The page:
The Oakland Unified School District (OUSD) and its teachers’ union, the Oakland Education Association (OEA), have come to an agreement on how distance learning will be implemented this year. OEA members ratified the agreement on Friday, August 21. While the formality of a school board vote remains to occur, it’s basically a done deal.
This is the first of several MOUs the district needs to negotiate with its labor unions before in-person learning can resume. OEA and OUSD will return to the bargaining table to negotiate an MOU on a return to in-person learning in about six weeks.
Two weeks into the school year, OEA members have been implementing its own “Strong Start” plan in lieu of a Memorandum of Understanding (MOU) with the district.
Educators and site administrators have been reaching out to families and conducting needs assessments, and there have been many challenges engaging students. According to Chief Systems Officer Preston Thomas, only 27,000 of OUSD’s 35,000 students were “engaged” the first week of school.
According to data released for this week’s school board meeting, there have been racial disparities in student engagement, along with disparities for unhoused, newcomer, and English Language Learner students.
While Asian and white students were able to participate in distance learning at a higher rate than the district average, Latinx students participated at about the district average while Black students were below the district average. English Language Learners, special needs, newcomer, foster care, and unhoused students were also significantly below the district average when it comes to participating in distance learning.
The Superintendent’s report also shows that only 62% of students/families have filled out the district’s online survey aimed at assessing technology needs within the district.
The tentative agreement was announced by both sides on August 12, but OEA leadership needed nine days to feel confident about calling for a ratification vote. OEA leadership says that some members were concerned about the ratio of “synchronous” live instruction with a teacher to “asynchronous” learning that could involve paper assignments, self-paced online learning platforms, or pre-recorded video instruction.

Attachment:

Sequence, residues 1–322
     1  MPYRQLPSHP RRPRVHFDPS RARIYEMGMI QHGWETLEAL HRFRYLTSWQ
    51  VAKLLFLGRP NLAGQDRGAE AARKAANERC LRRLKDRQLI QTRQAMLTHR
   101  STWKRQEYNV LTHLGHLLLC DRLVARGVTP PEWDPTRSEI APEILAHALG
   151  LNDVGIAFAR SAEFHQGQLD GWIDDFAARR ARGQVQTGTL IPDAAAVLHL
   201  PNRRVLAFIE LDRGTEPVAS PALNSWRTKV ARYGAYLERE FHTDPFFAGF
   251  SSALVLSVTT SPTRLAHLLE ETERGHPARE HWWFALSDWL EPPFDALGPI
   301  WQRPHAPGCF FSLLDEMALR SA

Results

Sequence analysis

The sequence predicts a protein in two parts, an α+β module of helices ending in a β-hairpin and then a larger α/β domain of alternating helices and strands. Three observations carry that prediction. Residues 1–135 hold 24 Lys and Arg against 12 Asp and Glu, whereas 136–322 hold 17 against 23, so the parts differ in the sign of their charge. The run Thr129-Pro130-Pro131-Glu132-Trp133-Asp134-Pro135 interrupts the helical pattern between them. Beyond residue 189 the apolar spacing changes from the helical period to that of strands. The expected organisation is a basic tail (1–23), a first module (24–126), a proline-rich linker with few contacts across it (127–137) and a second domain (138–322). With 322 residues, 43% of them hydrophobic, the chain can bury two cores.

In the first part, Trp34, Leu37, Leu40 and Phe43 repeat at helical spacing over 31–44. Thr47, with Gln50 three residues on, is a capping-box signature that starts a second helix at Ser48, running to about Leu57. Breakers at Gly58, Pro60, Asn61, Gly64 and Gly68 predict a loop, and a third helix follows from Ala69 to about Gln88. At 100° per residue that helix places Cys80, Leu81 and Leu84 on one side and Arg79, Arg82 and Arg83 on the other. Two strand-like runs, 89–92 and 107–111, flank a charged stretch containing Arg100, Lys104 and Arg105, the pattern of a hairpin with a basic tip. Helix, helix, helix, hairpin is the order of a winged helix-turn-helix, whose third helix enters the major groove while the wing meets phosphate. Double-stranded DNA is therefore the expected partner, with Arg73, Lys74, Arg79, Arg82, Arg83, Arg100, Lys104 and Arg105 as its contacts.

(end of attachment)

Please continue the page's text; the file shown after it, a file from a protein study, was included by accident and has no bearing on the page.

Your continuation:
Ultimately, the district’s recent concession to allow the use of substitutes in order to implement small group instruction swayed a majority of OEA members to ratify the deal. The district is eligible for millions of dollars in CARES Act funding to pay for these substitutes, yet was unwilling to use substitutes until school resumed without an MOU. Assistance from substitutes is crucial in order to break down classes into smaller groups so that students can receive more individualized attention.
Other notable elements of the MOU include work site access for educators who need it, a flexible (between 9am and 3:15pm) work schedule, regular communication with families, and details on special education and learning interventions for students who need them.
“Our work does not stop with this MOU,” said OEA President Keith Brown. “We will continue to work to improve crisis distance learning and organize to get the funding and resources for a safe school reopening. We have an opportunity to make schools better than they were pre-COVID.”
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